According to the Wall Street Journal, the blue-state wealth exodus continues. The IRS has confirmed its annual data on the migration of taxpayers and adjusted gross incomes (AGI) between states. Which is the number one state that is losing high-income residents? You guessed it, California is the biggest income loser at $23.8 billion.

If you live in California, you likely pay plenty of state income tax to the California Franchise Tax Board. The top California income tax rate was 13.3% for a decade, but effective on January 1, 2024, the new top rate became 14.4%. The new 14.4% rate is the result of no limit on California’s 1.1% employee payroll tax for State Disability Insurance. It translates to a top 14.4% rate for those earning over $1 million. There been several proposals in Sacramento to increase the top rate as high as 16.8%, though those bills failed to pass.

California’s 13.3% rate still applies to capital gain, which hardly sounds like a tax break. The 13.3% on capital gain has long been an irritant to California investors. At the federal level, the capital gain rate is 20% for higher income taxpayers. Add the 3.8% net investment tax under Obamacare, and you have 23.8%. By paying 23.8% plus 13.3%, Californians are paying more on capital gain than virtually anyone else in the world. Moves before big stock sales, sales of a company, a lawsuit settlement, etc., are common.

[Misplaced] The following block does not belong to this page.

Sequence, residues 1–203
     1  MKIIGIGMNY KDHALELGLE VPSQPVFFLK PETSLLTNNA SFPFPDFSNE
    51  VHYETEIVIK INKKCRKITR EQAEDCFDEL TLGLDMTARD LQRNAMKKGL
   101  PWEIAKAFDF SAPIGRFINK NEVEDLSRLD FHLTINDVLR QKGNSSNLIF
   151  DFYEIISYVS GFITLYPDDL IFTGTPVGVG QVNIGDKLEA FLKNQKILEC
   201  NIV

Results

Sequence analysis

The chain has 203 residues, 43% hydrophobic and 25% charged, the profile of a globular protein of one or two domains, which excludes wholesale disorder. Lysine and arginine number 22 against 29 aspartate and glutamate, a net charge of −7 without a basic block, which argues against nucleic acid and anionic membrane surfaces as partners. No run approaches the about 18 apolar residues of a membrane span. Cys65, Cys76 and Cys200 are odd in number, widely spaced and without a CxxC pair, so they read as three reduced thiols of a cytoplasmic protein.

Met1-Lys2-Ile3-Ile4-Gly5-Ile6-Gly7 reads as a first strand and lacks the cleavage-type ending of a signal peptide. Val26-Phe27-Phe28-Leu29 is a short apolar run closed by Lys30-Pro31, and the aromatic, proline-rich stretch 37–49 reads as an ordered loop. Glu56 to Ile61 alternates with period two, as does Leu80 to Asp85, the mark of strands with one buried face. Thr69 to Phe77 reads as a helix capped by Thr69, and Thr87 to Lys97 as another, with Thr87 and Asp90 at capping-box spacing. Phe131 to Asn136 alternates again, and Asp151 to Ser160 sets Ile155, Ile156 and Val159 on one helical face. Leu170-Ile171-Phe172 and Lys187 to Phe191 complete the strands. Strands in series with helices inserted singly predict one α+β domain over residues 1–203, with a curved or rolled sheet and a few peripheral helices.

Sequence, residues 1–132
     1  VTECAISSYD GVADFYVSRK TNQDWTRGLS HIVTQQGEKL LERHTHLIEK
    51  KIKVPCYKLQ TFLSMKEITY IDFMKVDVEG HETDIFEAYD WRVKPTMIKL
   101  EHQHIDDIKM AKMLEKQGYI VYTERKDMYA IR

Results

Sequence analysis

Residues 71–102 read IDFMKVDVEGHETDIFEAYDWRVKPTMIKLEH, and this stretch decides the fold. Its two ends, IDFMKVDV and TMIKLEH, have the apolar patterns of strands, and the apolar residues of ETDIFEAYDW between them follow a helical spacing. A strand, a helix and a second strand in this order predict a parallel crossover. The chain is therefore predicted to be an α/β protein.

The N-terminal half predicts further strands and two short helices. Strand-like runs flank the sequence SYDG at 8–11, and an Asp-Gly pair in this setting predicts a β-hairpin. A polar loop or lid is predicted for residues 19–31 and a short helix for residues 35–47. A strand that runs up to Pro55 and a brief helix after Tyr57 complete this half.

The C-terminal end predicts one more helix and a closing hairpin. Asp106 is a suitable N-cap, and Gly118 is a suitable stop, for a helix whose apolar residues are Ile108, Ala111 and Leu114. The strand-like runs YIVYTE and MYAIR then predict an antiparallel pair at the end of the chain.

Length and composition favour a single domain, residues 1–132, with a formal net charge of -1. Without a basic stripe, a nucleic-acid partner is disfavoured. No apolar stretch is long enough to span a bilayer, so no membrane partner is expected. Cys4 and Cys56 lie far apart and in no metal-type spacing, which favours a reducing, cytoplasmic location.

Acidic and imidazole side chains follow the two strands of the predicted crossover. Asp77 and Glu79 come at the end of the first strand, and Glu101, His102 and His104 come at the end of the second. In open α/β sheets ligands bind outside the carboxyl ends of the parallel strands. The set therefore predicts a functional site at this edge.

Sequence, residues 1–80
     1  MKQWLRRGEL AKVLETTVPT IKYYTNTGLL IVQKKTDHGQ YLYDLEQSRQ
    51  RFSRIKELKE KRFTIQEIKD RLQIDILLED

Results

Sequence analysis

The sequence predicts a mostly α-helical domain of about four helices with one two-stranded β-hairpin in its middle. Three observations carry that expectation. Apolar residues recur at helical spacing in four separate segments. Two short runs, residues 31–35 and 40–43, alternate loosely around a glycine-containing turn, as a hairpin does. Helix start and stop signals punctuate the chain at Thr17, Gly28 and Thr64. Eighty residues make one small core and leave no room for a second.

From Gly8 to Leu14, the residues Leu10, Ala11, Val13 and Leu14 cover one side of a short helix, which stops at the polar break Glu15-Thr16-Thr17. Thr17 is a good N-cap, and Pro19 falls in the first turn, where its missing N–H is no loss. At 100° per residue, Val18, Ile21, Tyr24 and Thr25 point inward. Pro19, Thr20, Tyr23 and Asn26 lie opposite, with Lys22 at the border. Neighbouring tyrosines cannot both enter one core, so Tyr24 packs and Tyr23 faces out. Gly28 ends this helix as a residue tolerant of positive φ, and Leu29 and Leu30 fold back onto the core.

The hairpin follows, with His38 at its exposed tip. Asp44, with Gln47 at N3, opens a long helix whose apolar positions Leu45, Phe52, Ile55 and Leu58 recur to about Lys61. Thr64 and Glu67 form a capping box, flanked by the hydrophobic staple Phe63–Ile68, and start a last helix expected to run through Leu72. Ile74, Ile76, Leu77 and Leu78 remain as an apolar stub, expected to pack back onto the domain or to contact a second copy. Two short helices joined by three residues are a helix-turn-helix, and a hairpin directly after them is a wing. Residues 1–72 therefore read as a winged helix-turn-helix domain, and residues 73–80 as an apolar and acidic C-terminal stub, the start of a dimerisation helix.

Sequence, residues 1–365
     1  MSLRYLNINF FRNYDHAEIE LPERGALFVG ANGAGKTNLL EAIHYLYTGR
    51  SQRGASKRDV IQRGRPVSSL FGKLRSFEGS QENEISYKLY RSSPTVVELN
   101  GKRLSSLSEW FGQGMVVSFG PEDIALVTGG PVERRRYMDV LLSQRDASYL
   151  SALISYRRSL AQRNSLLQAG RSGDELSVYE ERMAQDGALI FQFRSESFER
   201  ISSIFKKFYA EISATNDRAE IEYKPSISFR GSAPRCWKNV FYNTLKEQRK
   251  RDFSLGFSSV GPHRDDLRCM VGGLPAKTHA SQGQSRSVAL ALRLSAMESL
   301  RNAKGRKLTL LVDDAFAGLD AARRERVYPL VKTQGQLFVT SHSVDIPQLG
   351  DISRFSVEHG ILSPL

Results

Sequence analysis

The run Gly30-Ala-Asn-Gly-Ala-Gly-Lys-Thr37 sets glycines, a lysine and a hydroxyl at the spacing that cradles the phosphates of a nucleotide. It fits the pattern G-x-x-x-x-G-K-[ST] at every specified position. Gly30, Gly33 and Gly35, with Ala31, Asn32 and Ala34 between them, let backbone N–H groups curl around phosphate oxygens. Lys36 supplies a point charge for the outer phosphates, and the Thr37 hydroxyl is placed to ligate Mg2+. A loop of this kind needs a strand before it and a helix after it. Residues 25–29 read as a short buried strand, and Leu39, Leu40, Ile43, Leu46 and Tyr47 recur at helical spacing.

But if you aren’t careful, you could end up being asked to keep paying California taxes. In some cases, California can assess taxes no matter where you live. California’s tough Franchise Tax Board (FTB) monitors the line between residents and non-residents, and can probe how and when you left. The burden is on you to show that you are not a Californian.

If you are in California for more than nine months, you are presumed to be a resident, and more than six months usually means that too. Moving sounds easy, but if you aren’t careful how you do it, you could end up in a residency audit. The IRS can audit 3 or 6 years, and California can sometimes audit forever. That is, California, like the IRS, gets unlimited time if you never file an income tax return. That can make filing a non-resident tax return—just reporting your California-source income as a non-resident after you leave—a smart move.

California looks to objective factors, and your time in California versus time outside counts. California uses a comparative analysis to see if you have closer connections to another state. Many people who leave have a hard time distancing themselves from California. And make no mistake, in California tax disputes, procedure can be critical. In some cases, California can even assess taxes no matter where you live.

Many factors are relevant in assessing who is a California resident, but physical presence is the biggest issue. There are important presumptions too. For example, if you spend more than 9 months in California, you are presumed to be a resident. If you spend 6 months or less in California, you may qualify as a seasonal visitor, but that rule applies only if you don’t work while you are here and if you meet other rigorous tests. As to moving, if you leave California over taxes, avoid these 10 costly mistakes.

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